Smoking is life-threatening, pretty anti-social and outrageously expensive. So why do we do it?

It’s not all about addiction!

In fact some so-called ‘experts’ claim that nicotine isn’t really addictive and that it’s more about the habits and rituals around smoking that keeps us doing it. I believe these habits and rituals are an important factor but to deny that nicotine is addictive seems to fly in the face of the effects of the drug.

Yes, I believe it is addictive!

In my view it is both physically addictive and also psychologically addictive and often it is the psychological addiction which people find more difficult to cope with. It’s actually very interesting how many people tell me that when they are on a long haul flight they can cope with not smoking comparatively easily because they just know they can’t do it and that’s that! And the fact that so many people have quit smoking in recent years shows that it can be done one way or another.

As a hypnotherapist with a busy practice in South East London…

barely a week goes by without my seeing a client who wants my help to stop smoking. I’ve lost count of the different reasons I hear for continuing a habit that they know is life-threatening, anti-social and outrageously expensive.

It relieves the boredom!

Weirdly, people tell me that they smoke because they are bored – strange how taking a cigarette out of a pack, lighting it and drawing in the poison can be thought of as interesting! Addictive, dirty, smelly, lethal … yes, but interesting? Well, hardly!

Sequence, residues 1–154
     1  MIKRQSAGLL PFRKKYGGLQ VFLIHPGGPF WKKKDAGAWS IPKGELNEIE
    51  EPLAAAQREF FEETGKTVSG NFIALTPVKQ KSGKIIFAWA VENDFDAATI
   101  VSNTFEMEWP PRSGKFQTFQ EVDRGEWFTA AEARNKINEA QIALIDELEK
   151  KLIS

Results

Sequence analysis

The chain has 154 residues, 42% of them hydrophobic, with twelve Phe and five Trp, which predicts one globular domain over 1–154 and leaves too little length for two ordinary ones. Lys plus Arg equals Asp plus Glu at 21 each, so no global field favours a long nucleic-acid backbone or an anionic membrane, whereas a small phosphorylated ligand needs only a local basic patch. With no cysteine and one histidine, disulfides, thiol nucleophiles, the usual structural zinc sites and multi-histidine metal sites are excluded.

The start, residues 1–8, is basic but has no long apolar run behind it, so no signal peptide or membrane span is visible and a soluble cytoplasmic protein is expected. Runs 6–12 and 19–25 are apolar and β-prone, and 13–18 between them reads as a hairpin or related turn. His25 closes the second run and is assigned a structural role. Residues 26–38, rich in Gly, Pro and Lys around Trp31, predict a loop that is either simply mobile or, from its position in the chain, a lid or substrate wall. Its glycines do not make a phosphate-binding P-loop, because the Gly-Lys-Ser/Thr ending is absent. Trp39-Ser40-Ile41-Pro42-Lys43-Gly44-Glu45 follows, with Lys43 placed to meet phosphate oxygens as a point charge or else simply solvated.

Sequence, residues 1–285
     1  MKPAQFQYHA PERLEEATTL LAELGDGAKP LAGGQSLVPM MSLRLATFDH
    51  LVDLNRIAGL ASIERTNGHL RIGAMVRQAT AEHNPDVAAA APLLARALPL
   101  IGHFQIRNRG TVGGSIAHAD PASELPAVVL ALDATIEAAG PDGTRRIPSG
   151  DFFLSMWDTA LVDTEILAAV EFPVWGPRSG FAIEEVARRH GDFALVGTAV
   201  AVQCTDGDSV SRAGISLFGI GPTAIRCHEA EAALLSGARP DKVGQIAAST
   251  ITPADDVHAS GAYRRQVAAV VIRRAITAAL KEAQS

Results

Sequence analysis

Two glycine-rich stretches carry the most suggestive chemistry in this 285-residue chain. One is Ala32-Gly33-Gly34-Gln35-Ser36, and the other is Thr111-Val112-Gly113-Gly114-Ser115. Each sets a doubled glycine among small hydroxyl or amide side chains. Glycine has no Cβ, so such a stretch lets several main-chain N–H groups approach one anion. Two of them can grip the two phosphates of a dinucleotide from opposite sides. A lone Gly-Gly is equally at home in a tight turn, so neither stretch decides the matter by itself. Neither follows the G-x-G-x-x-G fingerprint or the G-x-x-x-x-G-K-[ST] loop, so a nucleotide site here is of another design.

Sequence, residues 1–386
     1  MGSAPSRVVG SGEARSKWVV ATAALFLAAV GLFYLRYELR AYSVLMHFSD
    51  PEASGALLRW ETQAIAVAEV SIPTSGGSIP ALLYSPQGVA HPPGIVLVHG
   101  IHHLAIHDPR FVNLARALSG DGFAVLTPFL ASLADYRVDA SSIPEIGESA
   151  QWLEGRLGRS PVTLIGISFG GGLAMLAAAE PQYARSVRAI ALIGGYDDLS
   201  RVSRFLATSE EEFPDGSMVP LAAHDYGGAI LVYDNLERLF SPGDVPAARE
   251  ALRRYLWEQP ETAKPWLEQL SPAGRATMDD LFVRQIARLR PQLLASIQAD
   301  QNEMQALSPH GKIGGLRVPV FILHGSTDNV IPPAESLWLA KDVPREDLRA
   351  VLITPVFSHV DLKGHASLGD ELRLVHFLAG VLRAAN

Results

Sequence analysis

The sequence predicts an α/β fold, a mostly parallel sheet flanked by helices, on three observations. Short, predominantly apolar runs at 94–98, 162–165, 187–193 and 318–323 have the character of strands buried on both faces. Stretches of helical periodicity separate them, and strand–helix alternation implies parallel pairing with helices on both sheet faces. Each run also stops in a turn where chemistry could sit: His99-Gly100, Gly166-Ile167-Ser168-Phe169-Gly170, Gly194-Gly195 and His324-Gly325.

It’s relaxing … Really?!

The nicotine in cigarettes stimulates the body to produce adrenaline, which makes the heart beat faster and raises our blood pressure, making our heart work harder. Can that really be relaxing?

It’s calming.

I think the truth is here that it often provides a reason for a break from stressful situations. You can go out for a cigarette break and get away from your desk or your stressful phone calls for a few minutes and it is the break itself, NOT the cigarette, which is relaxing. Well, it’s fine in the summer of course but not so good in the cold and rain!

And then there are the excuses for putting off quitting

‘I’ll quit when I’m thirty’ which extends to forty and fifty and sixty! And then it often turns into ‘well I’ve left it too late now … the harm’s already been done so there doesn’t seem much point in stopping now’

Life threatening? Well, you’ve got to die of something haven’t you!

This is true of course but lung cancer and COPD for example are pretty awful ways to go as anyone knows if they’ve ever nursed a relative with it.

I don’t want to come across as ‘holier than thou’ because I‘ve been there myself!

I do know how it feels. At first when I stopped smoking I found it hardest at times of stress. And I confess to the ‘oh, one won’t hurt me’ train of thought but I haven’t smoked for years and years now and it just wouldn’t occur to me to think of smoking even if I were in the most stressful of situations. It’s just not a part of me… it’s not what I do and that’s a great place to be in!

Some people stop for a year or so and then an emotional association triggers them to start again

They think they’ve cracked it, they’ve been absolutely fine and they’re out for a drink with the old crowd and they are lured into thinking that they’re missing out in some way. They’ll just have the one and that won’t hurt will it?! And then they’ve put their foot on the slippery slope and within a week or two they are back to where they started!

Unfortunately, as I found out, it’s usually more difficult to stop the next time as there are feelings of frustration, disappointment and self-blame that are difficult to deal with.